¶ 8 As Deputy Deters was talking to the defendant, Deputy Rich said that he had found a marijuana cigarette in the car. Deputy Rich then opened the trunk and found two large boxes of cigarettes. Deputy Deters opened one of the cartons of cigarettes and noticed that the top two cigarette packs were stamped with State of Missouri tax stamps, but not State of Illinois tax stamps. Deputy Deters testified that the defendant said times were tough, that he did not have a job, and that he was planning to sell the cigarettes. Deputy Deters placed the defendant under arrest for possession of cannabis and driving under the influence of drugs and placed him in the squad car. He then called for the defendant's car to be towed and began a tow inventory of the car. He took the marijuana and the cartons of cigarettes into custody and transported the defendant to jail. At the jail, Deputy Deters also issued the defendant a citation for possession of unstamped cigarettes.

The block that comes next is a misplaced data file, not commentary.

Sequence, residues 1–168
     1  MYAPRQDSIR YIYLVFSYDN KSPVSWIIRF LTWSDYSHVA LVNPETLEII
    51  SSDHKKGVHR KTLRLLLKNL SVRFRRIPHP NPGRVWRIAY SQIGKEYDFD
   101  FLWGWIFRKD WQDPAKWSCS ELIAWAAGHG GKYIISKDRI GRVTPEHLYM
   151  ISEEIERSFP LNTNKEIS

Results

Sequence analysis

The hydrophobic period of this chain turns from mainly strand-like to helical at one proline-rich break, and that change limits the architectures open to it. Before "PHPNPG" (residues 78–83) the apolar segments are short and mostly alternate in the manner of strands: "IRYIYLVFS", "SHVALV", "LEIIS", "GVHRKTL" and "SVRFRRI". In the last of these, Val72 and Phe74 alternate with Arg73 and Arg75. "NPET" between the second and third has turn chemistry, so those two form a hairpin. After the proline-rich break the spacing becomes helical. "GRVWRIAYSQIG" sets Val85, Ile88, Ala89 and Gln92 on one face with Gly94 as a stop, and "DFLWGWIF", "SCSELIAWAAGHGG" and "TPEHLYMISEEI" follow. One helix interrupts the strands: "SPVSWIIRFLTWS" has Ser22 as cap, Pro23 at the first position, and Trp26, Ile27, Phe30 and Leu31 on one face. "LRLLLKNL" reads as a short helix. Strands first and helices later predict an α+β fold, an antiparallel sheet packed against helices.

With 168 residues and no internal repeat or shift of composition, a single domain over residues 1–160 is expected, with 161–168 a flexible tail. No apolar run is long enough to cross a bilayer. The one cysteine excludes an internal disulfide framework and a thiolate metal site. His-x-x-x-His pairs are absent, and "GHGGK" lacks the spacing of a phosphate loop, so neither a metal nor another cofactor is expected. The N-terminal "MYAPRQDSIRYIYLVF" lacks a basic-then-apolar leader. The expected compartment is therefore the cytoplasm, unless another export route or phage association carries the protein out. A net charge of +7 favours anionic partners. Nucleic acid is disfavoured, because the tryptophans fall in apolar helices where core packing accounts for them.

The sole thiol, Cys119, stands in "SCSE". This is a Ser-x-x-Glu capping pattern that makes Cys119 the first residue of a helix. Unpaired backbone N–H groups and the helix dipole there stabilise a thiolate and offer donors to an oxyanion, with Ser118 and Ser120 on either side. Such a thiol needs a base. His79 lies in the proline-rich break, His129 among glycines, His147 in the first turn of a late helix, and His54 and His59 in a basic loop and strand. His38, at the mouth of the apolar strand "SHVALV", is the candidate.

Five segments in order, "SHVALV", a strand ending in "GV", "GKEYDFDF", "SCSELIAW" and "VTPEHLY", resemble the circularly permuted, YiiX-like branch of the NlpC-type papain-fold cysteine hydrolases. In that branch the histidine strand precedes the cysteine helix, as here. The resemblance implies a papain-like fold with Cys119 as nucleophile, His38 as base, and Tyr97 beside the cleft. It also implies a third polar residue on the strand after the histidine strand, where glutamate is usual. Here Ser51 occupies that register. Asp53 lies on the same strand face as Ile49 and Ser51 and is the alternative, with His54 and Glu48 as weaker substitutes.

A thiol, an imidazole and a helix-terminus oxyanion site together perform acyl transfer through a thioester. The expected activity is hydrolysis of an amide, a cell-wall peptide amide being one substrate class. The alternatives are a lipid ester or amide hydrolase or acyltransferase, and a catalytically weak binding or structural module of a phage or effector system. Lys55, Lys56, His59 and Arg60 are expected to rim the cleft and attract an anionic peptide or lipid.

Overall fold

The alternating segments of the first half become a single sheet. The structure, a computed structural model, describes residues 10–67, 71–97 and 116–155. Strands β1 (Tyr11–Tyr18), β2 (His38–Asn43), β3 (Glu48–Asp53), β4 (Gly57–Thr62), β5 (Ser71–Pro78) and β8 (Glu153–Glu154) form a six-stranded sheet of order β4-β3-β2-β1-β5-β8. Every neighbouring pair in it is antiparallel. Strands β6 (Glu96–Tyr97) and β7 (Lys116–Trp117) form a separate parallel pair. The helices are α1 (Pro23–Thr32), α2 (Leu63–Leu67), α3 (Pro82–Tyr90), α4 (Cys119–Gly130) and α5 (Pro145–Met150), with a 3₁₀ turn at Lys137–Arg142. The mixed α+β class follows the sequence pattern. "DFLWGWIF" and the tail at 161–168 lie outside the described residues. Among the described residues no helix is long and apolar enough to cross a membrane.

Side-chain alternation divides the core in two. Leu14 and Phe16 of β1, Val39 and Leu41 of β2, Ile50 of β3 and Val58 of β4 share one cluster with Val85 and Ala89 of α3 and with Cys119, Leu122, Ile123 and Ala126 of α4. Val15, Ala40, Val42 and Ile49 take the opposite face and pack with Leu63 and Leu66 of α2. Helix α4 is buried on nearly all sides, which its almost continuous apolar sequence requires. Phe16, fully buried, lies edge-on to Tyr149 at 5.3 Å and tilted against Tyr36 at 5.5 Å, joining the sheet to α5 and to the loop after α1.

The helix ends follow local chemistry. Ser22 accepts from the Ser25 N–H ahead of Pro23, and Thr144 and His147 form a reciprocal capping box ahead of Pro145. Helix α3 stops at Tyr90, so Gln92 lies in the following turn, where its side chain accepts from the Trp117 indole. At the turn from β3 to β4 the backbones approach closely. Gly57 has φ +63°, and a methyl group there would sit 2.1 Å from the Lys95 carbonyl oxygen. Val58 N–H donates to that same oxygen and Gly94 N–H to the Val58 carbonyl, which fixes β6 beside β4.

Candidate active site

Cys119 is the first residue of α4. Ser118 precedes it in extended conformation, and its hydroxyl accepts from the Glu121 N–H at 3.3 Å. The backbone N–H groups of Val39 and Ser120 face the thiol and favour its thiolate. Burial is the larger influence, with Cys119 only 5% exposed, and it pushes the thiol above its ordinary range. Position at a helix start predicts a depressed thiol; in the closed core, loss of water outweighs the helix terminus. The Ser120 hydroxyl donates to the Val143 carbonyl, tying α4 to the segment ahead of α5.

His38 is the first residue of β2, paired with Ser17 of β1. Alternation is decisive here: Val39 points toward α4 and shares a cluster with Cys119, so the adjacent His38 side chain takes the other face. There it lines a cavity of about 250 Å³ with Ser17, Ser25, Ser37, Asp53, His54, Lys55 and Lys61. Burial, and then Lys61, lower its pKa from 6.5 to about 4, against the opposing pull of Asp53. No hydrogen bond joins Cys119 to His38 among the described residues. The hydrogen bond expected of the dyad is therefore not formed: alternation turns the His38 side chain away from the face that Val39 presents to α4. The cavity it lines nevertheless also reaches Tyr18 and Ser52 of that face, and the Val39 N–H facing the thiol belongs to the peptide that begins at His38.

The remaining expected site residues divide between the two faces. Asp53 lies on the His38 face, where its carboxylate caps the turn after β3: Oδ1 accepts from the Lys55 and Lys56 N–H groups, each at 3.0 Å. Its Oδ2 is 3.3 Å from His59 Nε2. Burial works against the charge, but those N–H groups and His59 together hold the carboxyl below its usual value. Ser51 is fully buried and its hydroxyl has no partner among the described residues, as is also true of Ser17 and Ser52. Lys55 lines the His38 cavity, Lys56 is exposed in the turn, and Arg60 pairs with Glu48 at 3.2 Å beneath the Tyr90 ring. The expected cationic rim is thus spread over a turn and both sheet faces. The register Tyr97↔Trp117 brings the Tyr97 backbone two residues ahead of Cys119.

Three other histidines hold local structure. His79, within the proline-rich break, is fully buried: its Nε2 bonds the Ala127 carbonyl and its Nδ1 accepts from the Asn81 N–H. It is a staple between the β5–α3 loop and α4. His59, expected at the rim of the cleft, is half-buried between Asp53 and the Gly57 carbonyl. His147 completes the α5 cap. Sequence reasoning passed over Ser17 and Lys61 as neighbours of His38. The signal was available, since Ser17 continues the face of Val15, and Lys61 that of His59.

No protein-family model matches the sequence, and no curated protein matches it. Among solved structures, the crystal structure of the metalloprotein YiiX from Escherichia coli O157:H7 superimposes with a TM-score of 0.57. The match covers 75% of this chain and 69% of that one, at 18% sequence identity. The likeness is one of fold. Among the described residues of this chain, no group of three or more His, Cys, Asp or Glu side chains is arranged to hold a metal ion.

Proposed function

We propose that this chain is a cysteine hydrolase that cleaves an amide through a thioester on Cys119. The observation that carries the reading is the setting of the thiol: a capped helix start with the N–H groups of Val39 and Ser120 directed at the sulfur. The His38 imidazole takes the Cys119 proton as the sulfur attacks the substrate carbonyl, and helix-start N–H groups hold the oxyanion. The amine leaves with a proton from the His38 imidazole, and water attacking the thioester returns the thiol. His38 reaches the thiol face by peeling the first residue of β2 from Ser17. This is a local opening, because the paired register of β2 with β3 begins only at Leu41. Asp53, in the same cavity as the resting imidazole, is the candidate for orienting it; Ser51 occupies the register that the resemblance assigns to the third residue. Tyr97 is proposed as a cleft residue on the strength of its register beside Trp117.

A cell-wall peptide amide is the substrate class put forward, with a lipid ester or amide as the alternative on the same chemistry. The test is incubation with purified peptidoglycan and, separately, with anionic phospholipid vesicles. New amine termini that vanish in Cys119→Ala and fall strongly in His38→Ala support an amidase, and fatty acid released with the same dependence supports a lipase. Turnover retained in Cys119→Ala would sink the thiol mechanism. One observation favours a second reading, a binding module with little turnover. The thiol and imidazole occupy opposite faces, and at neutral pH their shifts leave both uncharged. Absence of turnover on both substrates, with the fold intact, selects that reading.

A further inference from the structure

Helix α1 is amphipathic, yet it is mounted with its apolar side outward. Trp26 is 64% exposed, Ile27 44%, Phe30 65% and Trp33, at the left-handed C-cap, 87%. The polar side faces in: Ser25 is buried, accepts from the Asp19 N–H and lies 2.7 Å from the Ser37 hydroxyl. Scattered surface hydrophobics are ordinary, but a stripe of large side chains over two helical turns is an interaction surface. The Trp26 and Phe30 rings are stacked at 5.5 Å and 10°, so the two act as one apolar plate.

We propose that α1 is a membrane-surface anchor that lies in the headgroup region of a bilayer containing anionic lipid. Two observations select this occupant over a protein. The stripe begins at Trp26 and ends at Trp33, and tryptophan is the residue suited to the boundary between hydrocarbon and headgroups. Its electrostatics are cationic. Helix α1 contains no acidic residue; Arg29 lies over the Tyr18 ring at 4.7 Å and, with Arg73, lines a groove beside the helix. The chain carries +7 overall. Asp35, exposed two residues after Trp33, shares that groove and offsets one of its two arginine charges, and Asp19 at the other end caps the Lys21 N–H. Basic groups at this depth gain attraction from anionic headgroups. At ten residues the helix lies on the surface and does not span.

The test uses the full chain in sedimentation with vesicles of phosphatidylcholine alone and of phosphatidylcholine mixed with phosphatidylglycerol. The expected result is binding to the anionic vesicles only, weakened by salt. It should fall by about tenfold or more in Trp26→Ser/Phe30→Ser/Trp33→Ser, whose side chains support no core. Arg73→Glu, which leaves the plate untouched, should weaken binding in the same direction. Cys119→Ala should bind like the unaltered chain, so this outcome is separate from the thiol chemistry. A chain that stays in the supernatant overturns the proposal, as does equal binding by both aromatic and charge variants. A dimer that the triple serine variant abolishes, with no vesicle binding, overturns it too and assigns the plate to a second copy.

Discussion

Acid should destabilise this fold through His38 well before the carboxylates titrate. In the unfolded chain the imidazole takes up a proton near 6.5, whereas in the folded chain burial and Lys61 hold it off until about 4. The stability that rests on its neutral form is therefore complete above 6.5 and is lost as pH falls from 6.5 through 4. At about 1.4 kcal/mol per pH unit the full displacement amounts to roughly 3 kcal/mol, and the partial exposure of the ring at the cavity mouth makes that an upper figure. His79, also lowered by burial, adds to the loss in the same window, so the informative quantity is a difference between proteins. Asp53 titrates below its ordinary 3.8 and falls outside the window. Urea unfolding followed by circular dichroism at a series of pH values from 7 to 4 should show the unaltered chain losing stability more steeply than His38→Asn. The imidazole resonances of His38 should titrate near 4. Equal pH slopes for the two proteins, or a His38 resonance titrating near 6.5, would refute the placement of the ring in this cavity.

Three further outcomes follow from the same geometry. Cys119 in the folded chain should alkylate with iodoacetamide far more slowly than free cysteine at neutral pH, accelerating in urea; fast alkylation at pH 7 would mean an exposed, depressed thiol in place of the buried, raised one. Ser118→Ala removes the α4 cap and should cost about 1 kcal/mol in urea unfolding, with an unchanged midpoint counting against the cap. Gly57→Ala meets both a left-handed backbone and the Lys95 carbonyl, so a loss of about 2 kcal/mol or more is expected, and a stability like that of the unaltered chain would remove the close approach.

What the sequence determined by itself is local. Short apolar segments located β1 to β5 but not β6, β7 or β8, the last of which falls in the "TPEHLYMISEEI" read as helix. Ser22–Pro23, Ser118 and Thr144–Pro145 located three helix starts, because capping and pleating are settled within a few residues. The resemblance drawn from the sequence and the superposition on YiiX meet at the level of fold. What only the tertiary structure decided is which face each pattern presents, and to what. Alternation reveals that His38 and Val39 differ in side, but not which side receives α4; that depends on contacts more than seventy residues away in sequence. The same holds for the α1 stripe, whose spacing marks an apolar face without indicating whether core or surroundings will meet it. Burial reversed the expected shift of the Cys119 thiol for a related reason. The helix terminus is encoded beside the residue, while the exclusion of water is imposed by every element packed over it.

¶ 9 In its ruling from the bench, the trial court commented on the credibility of the witnesses, but made no finding as to whether it believed the defendant's vehicle crossed the fog line. The court stated as follows:

"Clearly if you read the definition of improper lane usage, there has been nothing provided by the State to show in any manner that someone was put in jeopardy because it does provide that the vehicle should not be moved from a lane until the movement can be made with safety. There is no testifying or testimony here that he almost impacted with anything or almost hit anyone.